Utah, Territorial Militia Records (FamilySearch Historical Records)

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FamilySearch Record Search This article describes a collection of historical records available at FamilySearch.org.
Access the records: Utah, Territorial Militia Records, 1849-1877 .

Record Description

The collection consists of papers from the Utah State Archives containing various militia records from the Utah Territory. It includes records of the territorial militia, called the Nauvoo Legion, with reference to the Walker and Black Hawk Wars, the Overland Trail, and Johnston's army. Also of interest are records of the only Civil War company from Utah. Papers include muster rolls, military correspondence, payroll sheets, service reports, and journals.

It has been customary to keep service records for soldiers since the founding on the earliest militias were organized. 

The records cover the years 1849 to 1877. 

The records were created as proof of service and to track the service of each soldier.

The records are fairly reliable; however, the records are only as accurate as the knowledge of the individual who provided the information and the accuracy of the individual who recorded it.

For a list of records by document type and dates currently published in this collection, select the Browse.

Citation for This Collection

The following citation refers to the original source of the data and images published on FamilySearch.org Historical Records. It may include the author, custodian, publisher and archive for the original records. 

Adjutant General. Utah territorial militia records. Utah State Archives, Salt Lake City, Utah.

Information about creating source citations for FamilySearch Historical Collections is listed in the wiki article Help:How to Create Source Citations For FamilySearch Historical Records Collections

Record Content

The information varies with each type of record. Any of the following may be included:

Utah, Territorial Militia Records DGS 4319657 96.jpg
  • Name
  • Birth date
  • Birth place
  • Mustering in date and place
  • Discharge date and place
  • Details of service such as: companies served in, battles fought in, or injuries sustained
  • Captures and confinements in prison
  • Unit, Rank, and offices held
  • Pensions, bounties, and payments received
  • Death date and place
  • Burial date and place
  • Names of close relatives and/or friends
  • Photographs
  • Date war sketch was made
  • Author of sketch
  • Injuries, illnesses, disabilities, and any nature of disability
  • Salary paid

How to Use the Record

To search for your ancestorsyou will need to know the following:

  • Full name
  • Residence

If you are having difficulty finding your ancestor, look for variations in the spelling of the name. If your ancestor used an alias or a nickname, be sure to check for those alternate names. Compare the information in the record to what you already know about your ancestors to determine if this is the correct person. You may need to compare the information of more than one person to make this determination.

When you have located your ancestor’s record, carefully evaluate each piece of information given. These pieces of information may give you new biographical details that can lead you to other records about your ancestors. Add this new information to your records of each family. This information will often lead you to other records.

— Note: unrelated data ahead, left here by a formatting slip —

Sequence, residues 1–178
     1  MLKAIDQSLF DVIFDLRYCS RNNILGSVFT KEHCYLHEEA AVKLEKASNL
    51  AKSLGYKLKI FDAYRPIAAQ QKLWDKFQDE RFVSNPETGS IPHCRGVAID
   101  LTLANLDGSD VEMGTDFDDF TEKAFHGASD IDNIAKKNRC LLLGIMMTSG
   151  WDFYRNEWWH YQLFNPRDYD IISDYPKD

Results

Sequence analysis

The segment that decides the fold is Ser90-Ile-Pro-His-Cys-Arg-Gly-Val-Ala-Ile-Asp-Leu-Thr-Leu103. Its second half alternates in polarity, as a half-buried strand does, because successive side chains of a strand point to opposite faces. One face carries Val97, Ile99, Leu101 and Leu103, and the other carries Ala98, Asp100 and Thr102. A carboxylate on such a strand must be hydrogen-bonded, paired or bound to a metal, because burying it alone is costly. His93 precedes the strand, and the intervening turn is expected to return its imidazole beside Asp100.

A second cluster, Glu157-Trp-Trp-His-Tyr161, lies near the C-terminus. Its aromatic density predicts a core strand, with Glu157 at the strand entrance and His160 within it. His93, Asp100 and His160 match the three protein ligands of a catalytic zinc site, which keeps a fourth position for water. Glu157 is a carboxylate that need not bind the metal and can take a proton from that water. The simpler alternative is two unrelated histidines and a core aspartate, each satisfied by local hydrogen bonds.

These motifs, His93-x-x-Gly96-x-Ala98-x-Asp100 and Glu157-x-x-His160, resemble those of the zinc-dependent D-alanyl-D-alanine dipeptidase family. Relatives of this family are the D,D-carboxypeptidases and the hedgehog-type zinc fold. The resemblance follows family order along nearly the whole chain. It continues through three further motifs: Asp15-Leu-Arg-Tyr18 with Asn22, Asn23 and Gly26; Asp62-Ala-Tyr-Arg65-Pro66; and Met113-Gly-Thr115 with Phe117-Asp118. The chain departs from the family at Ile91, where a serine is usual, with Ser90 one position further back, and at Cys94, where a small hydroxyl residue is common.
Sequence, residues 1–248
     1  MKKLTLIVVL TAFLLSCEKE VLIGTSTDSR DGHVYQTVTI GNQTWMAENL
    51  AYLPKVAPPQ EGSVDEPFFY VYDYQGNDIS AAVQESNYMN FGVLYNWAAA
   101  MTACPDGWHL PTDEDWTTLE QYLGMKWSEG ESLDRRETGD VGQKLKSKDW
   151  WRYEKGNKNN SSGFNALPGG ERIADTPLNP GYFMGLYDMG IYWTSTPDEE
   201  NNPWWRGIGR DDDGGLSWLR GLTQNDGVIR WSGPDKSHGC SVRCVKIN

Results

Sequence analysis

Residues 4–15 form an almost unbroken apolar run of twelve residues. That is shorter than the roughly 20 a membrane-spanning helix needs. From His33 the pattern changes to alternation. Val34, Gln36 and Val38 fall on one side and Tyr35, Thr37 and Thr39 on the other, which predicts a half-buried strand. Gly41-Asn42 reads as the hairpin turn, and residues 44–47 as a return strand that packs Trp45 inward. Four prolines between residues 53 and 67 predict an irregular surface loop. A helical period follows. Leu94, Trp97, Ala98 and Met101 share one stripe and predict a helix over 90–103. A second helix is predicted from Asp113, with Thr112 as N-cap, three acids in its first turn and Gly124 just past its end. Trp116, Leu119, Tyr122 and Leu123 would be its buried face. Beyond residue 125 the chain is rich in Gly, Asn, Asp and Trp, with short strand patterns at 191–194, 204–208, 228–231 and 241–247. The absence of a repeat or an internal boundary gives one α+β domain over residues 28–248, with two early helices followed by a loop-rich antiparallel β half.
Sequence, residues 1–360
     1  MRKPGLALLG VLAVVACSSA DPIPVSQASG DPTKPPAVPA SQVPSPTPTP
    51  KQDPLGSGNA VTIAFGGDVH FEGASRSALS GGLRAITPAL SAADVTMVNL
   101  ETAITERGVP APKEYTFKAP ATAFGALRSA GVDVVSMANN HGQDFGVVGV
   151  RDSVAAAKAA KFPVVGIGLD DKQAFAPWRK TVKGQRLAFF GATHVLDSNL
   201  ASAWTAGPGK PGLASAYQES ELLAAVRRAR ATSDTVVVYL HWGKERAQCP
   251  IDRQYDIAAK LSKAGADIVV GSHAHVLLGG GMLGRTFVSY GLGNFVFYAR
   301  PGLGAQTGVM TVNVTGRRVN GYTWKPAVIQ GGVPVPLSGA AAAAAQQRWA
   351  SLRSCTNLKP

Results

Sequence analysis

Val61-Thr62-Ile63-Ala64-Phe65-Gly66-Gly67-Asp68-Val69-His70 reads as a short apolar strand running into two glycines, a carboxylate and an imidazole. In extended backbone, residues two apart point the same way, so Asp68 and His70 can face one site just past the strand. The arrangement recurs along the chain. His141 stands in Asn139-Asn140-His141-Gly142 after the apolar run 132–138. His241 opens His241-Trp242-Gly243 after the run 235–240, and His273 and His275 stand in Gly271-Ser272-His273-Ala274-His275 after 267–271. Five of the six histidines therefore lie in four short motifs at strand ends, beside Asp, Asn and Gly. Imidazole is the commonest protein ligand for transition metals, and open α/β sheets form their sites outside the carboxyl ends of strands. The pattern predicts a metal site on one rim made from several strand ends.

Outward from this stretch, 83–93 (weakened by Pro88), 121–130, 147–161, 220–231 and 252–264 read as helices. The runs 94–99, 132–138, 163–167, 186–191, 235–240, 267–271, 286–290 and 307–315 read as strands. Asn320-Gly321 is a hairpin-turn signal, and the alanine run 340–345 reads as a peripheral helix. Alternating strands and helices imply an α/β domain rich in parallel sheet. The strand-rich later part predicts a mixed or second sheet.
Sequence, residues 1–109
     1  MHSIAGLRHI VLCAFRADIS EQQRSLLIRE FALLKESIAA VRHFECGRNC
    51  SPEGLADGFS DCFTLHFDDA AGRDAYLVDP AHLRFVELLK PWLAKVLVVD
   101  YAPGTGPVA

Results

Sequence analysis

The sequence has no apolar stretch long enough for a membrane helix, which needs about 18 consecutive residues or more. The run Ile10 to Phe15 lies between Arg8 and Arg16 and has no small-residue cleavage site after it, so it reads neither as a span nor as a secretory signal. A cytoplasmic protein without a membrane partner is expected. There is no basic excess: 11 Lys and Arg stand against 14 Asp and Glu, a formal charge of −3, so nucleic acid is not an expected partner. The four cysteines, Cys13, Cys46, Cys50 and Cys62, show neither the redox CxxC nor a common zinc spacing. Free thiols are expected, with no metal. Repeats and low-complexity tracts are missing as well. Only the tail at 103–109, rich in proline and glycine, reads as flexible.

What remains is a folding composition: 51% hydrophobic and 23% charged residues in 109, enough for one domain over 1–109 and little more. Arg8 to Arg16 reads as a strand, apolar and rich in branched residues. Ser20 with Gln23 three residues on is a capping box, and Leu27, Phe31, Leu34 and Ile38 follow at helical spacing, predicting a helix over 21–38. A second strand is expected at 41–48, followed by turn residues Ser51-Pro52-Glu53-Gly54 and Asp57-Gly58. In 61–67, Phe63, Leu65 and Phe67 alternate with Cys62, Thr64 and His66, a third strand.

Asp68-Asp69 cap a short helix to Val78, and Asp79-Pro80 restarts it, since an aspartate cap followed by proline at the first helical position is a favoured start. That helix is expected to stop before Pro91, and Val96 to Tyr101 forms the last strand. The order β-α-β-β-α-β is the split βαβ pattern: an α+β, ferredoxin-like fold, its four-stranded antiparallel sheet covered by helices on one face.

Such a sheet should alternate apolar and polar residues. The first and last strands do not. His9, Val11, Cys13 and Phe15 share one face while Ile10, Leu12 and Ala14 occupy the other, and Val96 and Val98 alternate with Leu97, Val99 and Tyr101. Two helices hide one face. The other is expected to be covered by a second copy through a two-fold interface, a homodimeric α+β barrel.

For example:

  • Use the estimated age to calculate a birth date.
  • Use the age and location of the military unit to find the soldier’s family in census, church, and land records.
  • Continue to search the index and records to identify children, siblings, parents, and other relatives who may have served in the same unit or a nearby unit.
  • Death dates may lead to death certificates, mortuary, or burial records.
  • Use the age to calculate an approximate birth date.
  • Use the birth date or age along with the residence or place of birth of the deceased to locate census, church, and land records.

You may also find these search tips helpful:

  • Compile the entries for every person who has the same surname as the deceased; this is especially helpful in rural areas or if the surname is unusual.
  • Continue to search the records to identify children, siblings, parents, and other relatives who may have been seeking the pension.
  • When looking for a person who had a common name, look at all the entries for the name before deciding which is correct.

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Contributions to This Article

We welcome user additions to FamilySearch Historical Records wiki articles. We are looking for additional information that will help readers understand the topic and better use the available records. We also need translations for collection titles and images in articles about records written in languages other than English. For specific needs, please visit WikiProject FamilySearch Records.

Please follow these guidelines as you make changes. Thank you for any contributions you may provide.

Citing FamilySearch Historical Collections

When you copy information from a record, you should list where you found the information. This will help you or others to find the record again. It is also good to keep track of records where you did not find information, including the names of the people you looked for in the records.

Citation Example for a Record Found in This Collection

"Utah, Territorial Militia Records, 1848-1977" images, FamilySearch (https://familysearch.org: accessed 15 February 2012). > no 0005-0009, Jan 1850 > Image 8 of 15; citing John Scott Cole, Special orders issued for Indian wars dated 21 January 1850, Utah State Archives Record Series 2210, Salt Lake City, Utah, United States.

A suggested format for keeping track of records that you have searched is found in the Wiki Article: How to Cite FamilySearch Collections.